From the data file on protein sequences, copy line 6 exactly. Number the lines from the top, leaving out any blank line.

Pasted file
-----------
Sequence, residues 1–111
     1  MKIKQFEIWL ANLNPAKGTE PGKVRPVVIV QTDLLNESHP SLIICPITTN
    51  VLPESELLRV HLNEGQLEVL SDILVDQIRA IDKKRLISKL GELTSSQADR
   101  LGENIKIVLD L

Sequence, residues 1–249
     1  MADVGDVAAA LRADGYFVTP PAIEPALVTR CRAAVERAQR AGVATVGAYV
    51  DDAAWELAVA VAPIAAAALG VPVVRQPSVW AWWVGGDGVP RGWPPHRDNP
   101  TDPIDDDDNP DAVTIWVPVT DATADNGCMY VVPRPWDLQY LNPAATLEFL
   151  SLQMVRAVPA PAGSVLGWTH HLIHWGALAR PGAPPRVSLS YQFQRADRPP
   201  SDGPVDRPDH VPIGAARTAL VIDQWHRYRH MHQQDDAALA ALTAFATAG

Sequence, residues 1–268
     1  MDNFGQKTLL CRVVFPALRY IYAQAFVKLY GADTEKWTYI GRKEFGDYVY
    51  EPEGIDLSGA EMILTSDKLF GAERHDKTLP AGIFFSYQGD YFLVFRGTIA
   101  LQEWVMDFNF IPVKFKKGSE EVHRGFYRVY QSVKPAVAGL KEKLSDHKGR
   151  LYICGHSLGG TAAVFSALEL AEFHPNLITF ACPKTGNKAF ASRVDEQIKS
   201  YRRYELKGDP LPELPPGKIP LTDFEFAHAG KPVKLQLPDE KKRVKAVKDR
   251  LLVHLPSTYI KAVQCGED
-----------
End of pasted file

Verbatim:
     1  MADVGDVAAA LRADGYFVTP PAIEPALVTR CRAAVERAQR AGVATVGAYV